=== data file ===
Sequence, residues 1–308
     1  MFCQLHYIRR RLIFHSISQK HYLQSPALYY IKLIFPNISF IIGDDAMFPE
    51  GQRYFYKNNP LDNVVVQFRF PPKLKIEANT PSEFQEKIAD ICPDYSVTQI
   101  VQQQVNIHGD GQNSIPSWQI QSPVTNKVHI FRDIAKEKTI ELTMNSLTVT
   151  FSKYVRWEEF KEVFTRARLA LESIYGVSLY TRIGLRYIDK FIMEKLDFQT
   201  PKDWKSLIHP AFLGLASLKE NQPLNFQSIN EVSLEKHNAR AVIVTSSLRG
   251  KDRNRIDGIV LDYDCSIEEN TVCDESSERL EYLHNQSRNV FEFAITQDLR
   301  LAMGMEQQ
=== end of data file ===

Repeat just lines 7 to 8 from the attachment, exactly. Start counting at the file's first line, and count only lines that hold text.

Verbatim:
   251  KDRNRIDGIV LDYDCSIEEN TVCDESSERL EYLHNQSRNV FEFAITQDLR
   301  LAMGMEQQ